In many ways, our lives are dictated by the demarcation between day and night. It is a human universal that days are for relaxing and nights are for sleeping (or at least chilling out). Of course, this is no different in the land of a million elephants. Good night in Lao is said as ຝັນດີ (fun dee).
N.B: Don't confuse Good night with good evening (a greeting) ສະບາຍດີຍາມແລງ sabaidee yarm laeng.
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|Good night||fun dee||ຝັນດີ|
|Good evening||sabaidee yarm laeng||ສະບາຍດີຍາມແລງ|
|Good morning||sába̖ai-di̖i ton sao||ສະບາຍດີ|
|Pleased to meet you||di̖i ja̖i thii hûu káp jâo||ດີໃຈທີ່ຮູ້ກັບເຈົ້າ|
|Goodbye||sôhk dii der||ໂຊກດີເດີ້|
|Have a nice day||mi van thidi||ມີວັນທີ່ດີ!|
Laos is extremely close to the equator meaning that the length of its day and nights stay equal throughout the year. The sun always rises between 6:00 and 7.30 and sets between 17:30 and 19:00. Compare that to places like Norway, where you might get 24 hours of daylight in midsummer. As of writing (late June 2022), the sun sets at about 17.45 and rises at about 06:00, almost a perfectly balanced day.
If you come from a Northern European climate like me, it's always shocking to reach the tropics and realize how fast the day changes. One minute you're enjoying a Singapore Sling beside the pool in blazing hot sunshine, and the next, the sun has dropped from the sky, and the moon is up. The boundary between day and night(twilight) is exceptionally severe in Laos. But why is that?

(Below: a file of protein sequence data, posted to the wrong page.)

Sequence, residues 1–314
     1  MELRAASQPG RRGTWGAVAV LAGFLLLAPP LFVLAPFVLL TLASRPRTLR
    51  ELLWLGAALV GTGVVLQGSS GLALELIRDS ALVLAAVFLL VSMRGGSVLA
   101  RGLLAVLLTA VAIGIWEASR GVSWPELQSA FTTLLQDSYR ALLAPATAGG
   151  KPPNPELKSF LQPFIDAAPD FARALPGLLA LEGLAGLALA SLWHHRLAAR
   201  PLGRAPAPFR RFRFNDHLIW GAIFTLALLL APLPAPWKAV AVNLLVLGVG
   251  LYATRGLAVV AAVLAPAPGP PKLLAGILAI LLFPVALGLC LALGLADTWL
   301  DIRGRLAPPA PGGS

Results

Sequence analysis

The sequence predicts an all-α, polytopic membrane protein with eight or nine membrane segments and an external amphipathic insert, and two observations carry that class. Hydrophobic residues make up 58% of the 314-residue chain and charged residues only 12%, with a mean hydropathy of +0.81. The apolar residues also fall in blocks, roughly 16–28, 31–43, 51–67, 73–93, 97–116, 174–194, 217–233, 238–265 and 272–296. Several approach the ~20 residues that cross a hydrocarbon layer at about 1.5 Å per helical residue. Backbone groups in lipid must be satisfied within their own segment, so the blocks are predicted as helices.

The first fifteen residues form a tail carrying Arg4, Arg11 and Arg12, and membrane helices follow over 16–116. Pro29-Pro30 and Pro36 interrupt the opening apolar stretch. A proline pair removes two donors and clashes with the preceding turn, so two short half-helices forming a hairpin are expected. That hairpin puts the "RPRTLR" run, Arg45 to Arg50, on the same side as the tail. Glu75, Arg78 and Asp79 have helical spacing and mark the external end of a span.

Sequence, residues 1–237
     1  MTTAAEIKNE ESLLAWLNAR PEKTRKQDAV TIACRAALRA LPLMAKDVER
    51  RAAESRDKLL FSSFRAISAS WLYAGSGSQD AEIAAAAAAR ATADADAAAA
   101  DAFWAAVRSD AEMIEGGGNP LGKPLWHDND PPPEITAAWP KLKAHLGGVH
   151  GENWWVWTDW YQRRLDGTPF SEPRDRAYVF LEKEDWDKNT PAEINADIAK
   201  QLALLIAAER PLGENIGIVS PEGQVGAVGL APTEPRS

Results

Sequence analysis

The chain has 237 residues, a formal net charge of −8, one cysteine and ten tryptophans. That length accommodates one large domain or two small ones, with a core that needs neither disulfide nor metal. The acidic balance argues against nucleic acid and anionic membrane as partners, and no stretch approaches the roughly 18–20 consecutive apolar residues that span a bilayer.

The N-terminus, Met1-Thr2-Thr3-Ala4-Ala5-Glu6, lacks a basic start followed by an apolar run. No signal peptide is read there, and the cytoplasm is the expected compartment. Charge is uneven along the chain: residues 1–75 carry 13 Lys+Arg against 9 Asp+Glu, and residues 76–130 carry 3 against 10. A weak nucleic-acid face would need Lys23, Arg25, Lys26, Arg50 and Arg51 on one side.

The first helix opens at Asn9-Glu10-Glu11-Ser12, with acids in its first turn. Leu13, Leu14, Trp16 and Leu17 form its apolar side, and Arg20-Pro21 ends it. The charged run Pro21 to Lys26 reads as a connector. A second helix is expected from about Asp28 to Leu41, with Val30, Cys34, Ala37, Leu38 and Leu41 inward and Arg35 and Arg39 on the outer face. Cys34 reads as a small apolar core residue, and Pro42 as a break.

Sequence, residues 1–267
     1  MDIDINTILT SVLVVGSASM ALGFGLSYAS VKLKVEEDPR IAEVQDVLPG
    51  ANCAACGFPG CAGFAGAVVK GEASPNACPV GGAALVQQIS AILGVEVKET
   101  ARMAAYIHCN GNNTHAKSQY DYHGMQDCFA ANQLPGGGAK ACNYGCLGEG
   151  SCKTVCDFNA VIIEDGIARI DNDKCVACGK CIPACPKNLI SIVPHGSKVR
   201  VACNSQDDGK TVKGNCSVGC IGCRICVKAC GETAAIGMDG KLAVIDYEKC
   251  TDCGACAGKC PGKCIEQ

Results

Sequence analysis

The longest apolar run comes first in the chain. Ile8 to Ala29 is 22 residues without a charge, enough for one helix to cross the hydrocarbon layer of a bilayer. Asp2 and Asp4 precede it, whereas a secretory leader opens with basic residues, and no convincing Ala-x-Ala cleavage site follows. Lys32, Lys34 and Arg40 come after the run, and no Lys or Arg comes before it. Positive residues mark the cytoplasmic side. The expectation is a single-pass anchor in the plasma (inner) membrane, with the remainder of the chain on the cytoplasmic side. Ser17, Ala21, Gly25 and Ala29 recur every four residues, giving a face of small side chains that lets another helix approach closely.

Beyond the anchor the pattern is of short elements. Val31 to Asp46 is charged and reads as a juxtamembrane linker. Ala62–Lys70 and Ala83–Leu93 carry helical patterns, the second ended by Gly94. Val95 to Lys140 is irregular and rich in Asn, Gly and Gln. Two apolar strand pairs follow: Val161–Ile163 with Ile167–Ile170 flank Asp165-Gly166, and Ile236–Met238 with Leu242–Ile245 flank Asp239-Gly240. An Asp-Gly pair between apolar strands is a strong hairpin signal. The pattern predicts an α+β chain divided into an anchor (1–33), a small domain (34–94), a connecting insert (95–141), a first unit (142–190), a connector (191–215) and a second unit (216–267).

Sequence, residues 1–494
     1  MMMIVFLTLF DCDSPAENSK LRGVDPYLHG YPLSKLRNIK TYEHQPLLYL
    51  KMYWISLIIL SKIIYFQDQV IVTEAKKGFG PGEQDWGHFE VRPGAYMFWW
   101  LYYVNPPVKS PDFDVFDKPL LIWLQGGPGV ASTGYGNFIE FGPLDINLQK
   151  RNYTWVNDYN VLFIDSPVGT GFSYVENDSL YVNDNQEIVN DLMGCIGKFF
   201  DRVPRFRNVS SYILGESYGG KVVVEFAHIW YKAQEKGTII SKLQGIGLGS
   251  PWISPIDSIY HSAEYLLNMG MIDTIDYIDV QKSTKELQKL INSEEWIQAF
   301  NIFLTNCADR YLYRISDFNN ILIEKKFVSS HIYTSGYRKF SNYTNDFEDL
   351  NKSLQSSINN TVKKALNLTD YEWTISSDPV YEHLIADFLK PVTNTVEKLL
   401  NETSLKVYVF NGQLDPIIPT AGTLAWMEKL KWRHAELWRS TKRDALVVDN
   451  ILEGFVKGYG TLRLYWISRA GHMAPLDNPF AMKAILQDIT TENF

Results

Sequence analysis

This is because at low latitudes (near the equator), the sun is perpendicular to the horizon, and higher up towards the pole, the sun sets at a more oblique angle, meaning it's closer to the horizon for longer where you can see it.
I visited Laos for one month in 2015 and experienced no problems. Even at night in Vientiane, it was very quiet, and the people were amiable. It's also worth saying that I didn't just stay in safe tourist areas and go to bed before dark. I was out in the back streets sometimes until the early hours and never experienced any problems.
There are probably bars you can visit where you'll meet some unsavory characters. Still, there are the same bars in every city in the world.
Laos people, even the criminals, are generally not confrontational. You are likely to get pickpocketed or your bag snatched as opposed to held at knifepoint, etc.
Regarding safety for women, I've heard female friends say that Laos is generally very safe even compared to European capitals like Paris and London.
The only issues I've heard are with taxi drivers who might say inappropriate things or, once they have your number, send inappropriate messages; however, I've never of that carrying over into an attack(although I'm sure there are stories out there).
It is often those things that we overlook that are far more dangerous. For example, the most dangerous thing about Laos at night is probably the danger you pose to yourself. When people(backpackers especially) go to a place like Laos, they leave behind the stress and worries of Europe; however, you can also leave a certain amount of your common sense at home too.
It is not uncommon to see backpackers doing like the locals and driving drunk-- this is always a terrible idea and even worse on a motorbike. The region generally has some of the worst road death statistics in the world.
I think the thing that makes Laos scary is that if something goes wrong, it can turn into a horror story. There are not the same support services in Laos as in the west. If you're in a road traffic accident, you won't receive the same care and end up in a pretty dodgy hospital if you haven't thought about health insurance.
Now that you know how to say good night in Lao, it's time to learn more Lao and impress some Lao people!
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